Band of Gypsys original

Hendrix drummer on 'Ladyland'

Buddy Miles, who co-founded and played drums in Band of Gypsys with Jimi Hendrix, died Tuesday in Austin. He was 60.

A cause of death was not announced.

Miles was born Sept. 5, 1947, in Omaha, Neb., and was introduced to music at a young age by his father, who played in a band called the Bebops. As a young man Miles also played with Wilson Pickett, the Delfonics and the Ink Spots.

He met Hendrix in the early 1960s but didn't begin collaborating with him until 1969, when Hendrix produced an album by the Buddy Miles Express.

Miles, often decked out in sequined clothes and an enormous Afro, went on to drum on Hendrix's landmark "Electric Ladyland" album before officially joining Band of Gypsys with bassist Billy Cox a few months later.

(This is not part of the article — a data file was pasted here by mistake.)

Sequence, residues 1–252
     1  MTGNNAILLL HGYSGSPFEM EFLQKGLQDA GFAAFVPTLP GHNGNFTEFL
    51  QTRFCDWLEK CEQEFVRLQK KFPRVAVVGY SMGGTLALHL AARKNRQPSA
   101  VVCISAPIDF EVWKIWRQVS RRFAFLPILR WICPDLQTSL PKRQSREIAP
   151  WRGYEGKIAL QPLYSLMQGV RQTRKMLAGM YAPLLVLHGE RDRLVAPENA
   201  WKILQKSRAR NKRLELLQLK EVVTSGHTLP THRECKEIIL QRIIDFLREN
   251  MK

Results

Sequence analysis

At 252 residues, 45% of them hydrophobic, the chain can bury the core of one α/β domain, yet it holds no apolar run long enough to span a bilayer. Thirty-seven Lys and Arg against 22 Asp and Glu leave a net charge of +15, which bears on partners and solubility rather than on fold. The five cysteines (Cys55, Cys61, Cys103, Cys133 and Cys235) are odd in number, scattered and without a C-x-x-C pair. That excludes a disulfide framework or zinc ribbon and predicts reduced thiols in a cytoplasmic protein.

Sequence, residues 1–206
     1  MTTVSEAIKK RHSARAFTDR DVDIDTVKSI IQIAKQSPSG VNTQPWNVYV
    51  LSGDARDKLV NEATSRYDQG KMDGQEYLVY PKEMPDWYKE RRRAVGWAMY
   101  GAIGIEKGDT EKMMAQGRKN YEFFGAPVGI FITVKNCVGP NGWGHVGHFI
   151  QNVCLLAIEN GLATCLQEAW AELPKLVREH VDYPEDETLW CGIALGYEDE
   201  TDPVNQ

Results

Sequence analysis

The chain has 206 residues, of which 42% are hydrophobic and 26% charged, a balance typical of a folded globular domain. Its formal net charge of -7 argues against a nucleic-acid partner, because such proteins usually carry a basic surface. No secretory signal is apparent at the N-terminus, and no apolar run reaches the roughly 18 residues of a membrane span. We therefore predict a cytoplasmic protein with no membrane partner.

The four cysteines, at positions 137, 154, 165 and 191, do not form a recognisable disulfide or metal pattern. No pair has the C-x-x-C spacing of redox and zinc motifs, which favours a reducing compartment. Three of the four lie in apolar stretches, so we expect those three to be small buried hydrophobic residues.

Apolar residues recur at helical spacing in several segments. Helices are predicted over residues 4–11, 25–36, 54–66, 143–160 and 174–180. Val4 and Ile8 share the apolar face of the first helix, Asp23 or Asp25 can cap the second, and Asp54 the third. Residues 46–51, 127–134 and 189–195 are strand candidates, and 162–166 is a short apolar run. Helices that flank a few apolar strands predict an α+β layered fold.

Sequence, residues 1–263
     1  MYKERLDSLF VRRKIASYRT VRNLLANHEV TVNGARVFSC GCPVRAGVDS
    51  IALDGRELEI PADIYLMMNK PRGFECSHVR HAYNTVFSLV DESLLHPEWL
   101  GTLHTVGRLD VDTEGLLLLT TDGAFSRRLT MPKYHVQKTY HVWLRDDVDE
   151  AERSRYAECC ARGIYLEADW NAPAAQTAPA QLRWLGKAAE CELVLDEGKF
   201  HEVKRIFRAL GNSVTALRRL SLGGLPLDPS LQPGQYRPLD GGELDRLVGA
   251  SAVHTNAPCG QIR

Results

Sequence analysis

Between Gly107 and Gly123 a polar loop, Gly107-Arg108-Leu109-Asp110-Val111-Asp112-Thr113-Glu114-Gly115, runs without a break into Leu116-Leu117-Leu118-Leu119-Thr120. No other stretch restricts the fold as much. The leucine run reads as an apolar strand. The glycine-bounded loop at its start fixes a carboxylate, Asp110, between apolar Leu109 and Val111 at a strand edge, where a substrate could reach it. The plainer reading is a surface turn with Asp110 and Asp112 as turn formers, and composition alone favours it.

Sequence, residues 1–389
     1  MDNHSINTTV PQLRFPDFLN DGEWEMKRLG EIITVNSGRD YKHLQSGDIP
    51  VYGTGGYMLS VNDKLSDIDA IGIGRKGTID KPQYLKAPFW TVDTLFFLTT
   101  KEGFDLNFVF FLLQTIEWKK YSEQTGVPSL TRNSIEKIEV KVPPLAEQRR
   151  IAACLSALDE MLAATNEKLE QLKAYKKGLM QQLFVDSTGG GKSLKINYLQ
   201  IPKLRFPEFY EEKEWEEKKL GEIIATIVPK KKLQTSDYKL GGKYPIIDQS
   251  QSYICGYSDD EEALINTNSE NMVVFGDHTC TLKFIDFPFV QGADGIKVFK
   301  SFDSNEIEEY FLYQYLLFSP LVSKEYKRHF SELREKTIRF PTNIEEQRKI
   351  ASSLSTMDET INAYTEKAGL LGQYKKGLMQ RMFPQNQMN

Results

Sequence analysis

The group's lone self-titled album chronicled a New Year's Eve 1969 concert at New York's Fillmore East and is regarded by many as one of the era's best live albums.

After Hendrix's death in September 1970, Miles contributed drums to a handful of posthumous Hendrix releases, including "Cry of Love." He spent time in jail in the late 1970s and early '80s on drug charges but returned to the spotlight in 1986 when he served as the voice for the popular California Raisins claymation TV ads.

Miles and a studio band recorded a cover of Marvin Gaye's "I Heard It Through the Grapevine" as part of the campaign, which became a minor radio hit in 1988.

Miles also played with such stars as Stevie Wonder, Carlos Santana, David Bowie and George Clinton.

Jonathan Cohen is senior editor at Billboard.
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